Supreme Court Could Confront Constitutionality of Spending Bill
Lyle Denniston at SCOTUSblog points out that the Supreme Court’s decision to hear the case of 17 Chinese Muslim Uighur detainees who a judge ordered released into the United States will likely also force the Justices to consider the constitutionality of two bills President Obama signed yesterday.
The issue in Kiyemba v. Obama is whether the courts have the power to order an “alien” (non-U.S. resident) detainee held at Guantanamo Bay released into the United States, after determining the government has no grounds to keep holding him. But what if Congress then makes it impossible for the government to release the prisoner in the United States by withholding all necessary funding? Two separate bills signed yesterday — specifically, Sec. 1041 of the National Defense Authorization Act and Sec. 552(a) of the Homeland Security appropriations bill — appear to do just that. As Denniston points out, those laws open up a key question about Congress’ constitutional powers. In effect, it would mean that Congress could effectively suspend the prisoner’s right to habeas corpus – that is, to be released from unlawful detention.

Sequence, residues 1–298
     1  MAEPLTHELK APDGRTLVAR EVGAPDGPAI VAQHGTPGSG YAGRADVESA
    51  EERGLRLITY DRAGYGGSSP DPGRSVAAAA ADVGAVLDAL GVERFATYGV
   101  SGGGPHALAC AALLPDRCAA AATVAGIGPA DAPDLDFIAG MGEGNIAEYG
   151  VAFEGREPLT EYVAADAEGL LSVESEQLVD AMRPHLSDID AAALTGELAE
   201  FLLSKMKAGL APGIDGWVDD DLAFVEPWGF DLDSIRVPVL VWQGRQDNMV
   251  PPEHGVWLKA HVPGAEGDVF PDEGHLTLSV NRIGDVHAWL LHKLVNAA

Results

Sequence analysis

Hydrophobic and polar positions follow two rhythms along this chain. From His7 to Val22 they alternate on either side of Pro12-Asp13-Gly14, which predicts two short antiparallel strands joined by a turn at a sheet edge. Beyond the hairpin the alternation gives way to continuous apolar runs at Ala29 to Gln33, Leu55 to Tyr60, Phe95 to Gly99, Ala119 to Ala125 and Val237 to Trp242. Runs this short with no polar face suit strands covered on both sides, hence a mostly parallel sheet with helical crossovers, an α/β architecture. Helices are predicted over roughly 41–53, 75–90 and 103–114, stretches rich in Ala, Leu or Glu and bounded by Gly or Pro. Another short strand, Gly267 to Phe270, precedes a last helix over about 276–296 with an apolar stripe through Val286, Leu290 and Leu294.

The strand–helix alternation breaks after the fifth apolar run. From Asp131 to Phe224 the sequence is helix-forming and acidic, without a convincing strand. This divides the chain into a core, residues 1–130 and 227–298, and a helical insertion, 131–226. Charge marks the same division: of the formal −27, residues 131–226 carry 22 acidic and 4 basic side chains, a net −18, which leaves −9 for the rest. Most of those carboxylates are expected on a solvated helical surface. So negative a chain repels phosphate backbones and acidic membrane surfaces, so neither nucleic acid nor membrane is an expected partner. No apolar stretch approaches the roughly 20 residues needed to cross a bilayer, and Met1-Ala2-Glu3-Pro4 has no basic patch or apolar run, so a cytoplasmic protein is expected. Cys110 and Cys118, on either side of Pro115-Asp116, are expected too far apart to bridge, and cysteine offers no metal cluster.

Of course, by the time the court gets around to hearing the case this winter, President Obama may have already announced a new detainee policy, and Congress may have agreed to alter its spending restrictions. And if the Uighurs are all resettled, their case before the high court will be moot. But if the case survives until late winter, when the Supreme Court is expected to hear it, the administration and Congress may both get slapped down.